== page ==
Online reading assignment: motions and cycles (NC campus)

Astronomy 210, spring semester 2013
Cuesta College, San Luis Obispo, CA

Students have a weekly online reading assignment (hosted by SurveyMonkey.com), where they answer questions based on reading their textbook, material covered in previous lectures, opinion questions, and/or asking (anonymous) questions or making (anonymous) comments. Full credit is given for completing the online reading assignment before next week's lecture, regardless if whether their answers are correct/incorrect. Selected results/questions/comments are addressed by the instructor at the start of the following lecture.

The following questions were asked on reading textbook chapters and previewing presentations on Earth's rotation/precession/revolution/tilt, and the moon's motions and cycles.

Selected/edited responses are given below.

Describe something you found interesting from the assigned textbook reading or presentation preview, and explain why this was personally interesting for you.
"The online presentation was very helpful because there were a lot of pictures."

"The whole reason for the seasons--I didn't know that revolution causes the seasons to change along with the tilt."

"That there are four motions in the sky: rotation, precession, revolution and tilt."

"How astrology is linked to astronomy and how the zodiac signs are evenly spaced around earth. I thought that they were randomly everywhere."

"The phases of the moon were very interesting to me because ever since I was a little kid I was fascinated by the moon and I can't wait to learn about why it looks the way it does."

"That revolution is the motion of Earth around the sun, it takes one year to complete. Also that the sun directly lines up on a different zodiac constellation on certain times of the year."

"I don't really know where I got this from but I always thought the seasons changed because Earth got farther away from the sun. I knew Earth tilted but I thought it moved farther away as well for the seasons to change."

"Australia doesn't see the Big Dipper! I thought everyone could see that or that we all saw the same stars just different times throughout the year."

"I didn't know that over time the sun made a higher arc in the summer and a lower one in the winter because of the way Earth is tilted."
Describe something you found confusing from the assigned textbook reading or presentation preview, and explain why this was personally confusing for you.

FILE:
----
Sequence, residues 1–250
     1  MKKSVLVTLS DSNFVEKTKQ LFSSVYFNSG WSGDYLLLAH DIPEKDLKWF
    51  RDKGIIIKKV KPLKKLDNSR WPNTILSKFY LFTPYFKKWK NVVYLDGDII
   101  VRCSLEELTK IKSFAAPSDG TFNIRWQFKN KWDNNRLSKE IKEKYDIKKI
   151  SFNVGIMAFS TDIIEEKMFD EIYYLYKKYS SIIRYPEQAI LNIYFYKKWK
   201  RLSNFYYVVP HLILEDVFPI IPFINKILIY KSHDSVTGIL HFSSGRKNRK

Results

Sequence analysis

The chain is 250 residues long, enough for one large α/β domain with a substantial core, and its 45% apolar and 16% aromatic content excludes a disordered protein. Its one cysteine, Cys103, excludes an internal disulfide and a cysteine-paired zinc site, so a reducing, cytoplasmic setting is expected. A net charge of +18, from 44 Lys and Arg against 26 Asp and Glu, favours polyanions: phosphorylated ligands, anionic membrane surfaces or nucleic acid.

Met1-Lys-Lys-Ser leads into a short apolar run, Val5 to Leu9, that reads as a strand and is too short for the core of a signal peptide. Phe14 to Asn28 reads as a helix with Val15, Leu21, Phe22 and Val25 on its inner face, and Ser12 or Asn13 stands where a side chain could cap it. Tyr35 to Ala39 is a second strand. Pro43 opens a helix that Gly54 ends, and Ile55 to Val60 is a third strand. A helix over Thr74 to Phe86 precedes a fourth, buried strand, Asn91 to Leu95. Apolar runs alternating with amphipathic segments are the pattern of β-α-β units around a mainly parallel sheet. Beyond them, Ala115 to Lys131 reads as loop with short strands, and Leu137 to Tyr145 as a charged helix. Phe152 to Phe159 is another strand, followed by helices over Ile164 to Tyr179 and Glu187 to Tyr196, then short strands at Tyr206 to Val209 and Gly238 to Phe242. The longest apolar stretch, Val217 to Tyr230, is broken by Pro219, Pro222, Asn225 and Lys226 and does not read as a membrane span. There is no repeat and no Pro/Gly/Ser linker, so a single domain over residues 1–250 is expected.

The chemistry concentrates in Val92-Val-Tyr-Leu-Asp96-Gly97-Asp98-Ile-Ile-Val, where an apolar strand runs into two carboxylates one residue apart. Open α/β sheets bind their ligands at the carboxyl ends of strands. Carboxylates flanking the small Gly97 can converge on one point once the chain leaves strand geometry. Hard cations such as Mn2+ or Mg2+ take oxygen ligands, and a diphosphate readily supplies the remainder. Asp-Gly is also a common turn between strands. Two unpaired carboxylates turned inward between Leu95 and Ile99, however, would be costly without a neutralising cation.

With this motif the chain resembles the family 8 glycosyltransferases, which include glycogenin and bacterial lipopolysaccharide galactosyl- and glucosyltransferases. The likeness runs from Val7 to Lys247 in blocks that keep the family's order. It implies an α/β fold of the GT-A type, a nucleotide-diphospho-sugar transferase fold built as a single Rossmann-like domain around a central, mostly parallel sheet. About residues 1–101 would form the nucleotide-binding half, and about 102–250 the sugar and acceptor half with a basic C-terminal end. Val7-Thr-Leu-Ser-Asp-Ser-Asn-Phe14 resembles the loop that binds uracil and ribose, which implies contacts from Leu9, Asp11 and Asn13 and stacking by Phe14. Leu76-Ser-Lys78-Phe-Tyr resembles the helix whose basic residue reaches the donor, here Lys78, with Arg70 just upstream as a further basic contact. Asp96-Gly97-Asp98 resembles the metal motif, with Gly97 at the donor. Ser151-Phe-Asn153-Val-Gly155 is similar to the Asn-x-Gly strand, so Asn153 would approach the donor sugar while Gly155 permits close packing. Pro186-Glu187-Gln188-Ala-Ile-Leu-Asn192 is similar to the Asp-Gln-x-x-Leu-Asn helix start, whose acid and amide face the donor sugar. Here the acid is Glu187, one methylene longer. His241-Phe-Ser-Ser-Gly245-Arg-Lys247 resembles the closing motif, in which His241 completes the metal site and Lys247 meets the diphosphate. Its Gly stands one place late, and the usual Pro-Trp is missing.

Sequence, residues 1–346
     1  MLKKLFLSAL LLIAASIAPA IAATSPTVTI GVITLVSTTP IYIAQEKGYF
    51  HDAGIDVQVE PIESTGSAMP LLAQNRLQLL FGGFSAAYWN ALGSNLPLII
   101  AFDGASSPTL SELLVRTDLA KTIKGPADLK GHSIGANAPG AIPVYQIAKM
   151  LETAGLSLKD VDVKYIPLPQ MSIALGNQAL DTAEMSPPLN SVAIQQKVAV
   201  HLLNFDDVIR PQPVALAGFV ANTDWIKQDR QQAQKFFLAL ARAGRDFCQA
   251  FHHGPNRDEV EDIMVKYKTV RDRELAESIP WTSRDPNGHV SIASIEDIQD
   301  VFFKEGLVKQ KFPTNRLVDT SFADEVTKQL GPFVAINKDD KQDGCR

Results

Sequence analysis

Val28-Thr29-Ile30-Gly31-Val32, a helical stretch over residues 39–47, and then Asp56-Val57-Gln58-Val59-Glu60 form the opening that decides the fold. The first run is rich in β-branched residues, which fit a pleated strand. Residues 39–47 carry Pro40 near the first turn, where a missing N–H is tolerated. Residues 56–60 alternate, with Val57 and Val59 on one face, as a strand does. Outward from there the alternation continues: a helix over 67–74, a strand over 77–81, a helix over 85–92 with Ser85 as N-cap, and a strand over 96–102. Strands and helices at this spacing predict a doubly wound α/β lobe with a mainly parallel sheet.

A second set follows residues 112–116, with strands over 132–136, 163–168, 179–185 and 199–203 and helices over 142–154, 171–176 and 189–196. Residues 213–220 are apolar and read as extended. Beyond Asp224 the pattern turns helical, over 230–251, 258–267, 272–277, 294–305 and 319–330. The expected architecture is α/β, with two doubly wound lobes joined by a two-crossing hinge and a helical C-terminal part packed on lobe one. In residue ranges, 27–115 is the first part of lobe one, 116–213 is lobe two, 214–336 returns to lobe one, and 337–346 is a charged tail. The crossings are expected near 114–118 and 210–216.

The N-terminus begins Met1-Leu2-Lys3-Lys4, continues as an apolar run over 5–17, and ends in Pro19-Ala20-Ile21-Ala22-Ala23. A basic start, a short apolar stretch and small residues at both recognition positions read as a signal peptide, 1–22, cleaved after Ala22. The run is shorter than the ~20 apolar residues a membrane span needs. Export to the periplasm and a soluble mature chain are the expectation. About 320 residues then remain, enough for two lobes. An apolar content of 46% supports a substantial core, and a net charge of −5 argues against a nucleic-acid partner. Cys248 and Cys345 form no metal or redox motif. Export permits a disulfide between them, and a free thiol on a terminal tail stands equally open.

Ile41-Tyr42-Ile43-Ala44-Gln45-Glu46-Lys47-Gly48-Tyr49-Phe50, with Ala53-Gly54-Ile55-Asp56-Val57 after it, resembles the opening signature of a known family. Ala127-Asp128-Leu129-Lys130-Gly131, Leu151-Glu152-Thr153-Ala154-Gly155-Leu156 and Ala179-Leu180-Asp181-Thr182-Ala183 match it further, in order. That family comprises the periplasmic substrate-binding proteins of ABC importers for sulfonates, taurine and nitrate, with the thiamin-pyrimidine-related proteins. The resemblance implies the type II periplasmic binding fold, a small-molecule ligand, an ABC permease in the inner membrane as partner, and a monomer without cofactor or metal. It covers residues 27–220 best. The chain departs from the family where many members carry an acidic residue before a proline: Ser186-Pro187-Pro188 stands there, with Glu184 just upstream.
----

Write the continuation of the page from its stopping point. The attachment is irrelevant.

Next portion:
"There wasn't anything to be confused on, like at all."

"I didn't really find anything confusing with the reading or the slides. I do have a bit of trouble with the starwheel. I just need a little more practice."

"I found precession confusing and I need a little more clarification on what it exactly does. The spinning top reference helps me understand it a little more, but I could use a bit more explaining on that. But I still don't get exactly what it means and why it's important."

"All the rotation stuff and timing things were confusing because I didn't realize all the different components that went into the seasons, moon phases, etc."

"I need a better visual in order to fully understand all of the Earth's simultaneous movements."

"Telling the difference between a waxing and waning moon, since I think they look similar."
Ask the instructor an anonymous question, or make a comment. Selected questions/comments may be discussed in class.
"I really like how you let us preview the presentations before class."

"I really like the way that this online reading assignment is an easy way to be held accountable for our reading. Not often an instructor knows how to develop a presentation and asks for specific feedback after every assignment. I'm excited to see what the rest of the semester is like." (So am I.)

"Need a little more explaining of material in class." (This is why we have these online reading assignments--so I will be able to expand upon whatever it is you need more explaining on.)

"How often do you swing dance at the Madonna Inn?" (Nearly each and every week. Why aren't you there?)

"How are you an astronomy teacher if you never took an astronomy class?" (Start with an introductory physics textbook, but pull out all the interesting and awe-inspiring material. All that stuff goes into an astronomy textbook. The dry, boring material that's left behind--yeah, that's what we call physics.)

"Your cat is one good-looking feline." (She has her own Facebook page.)

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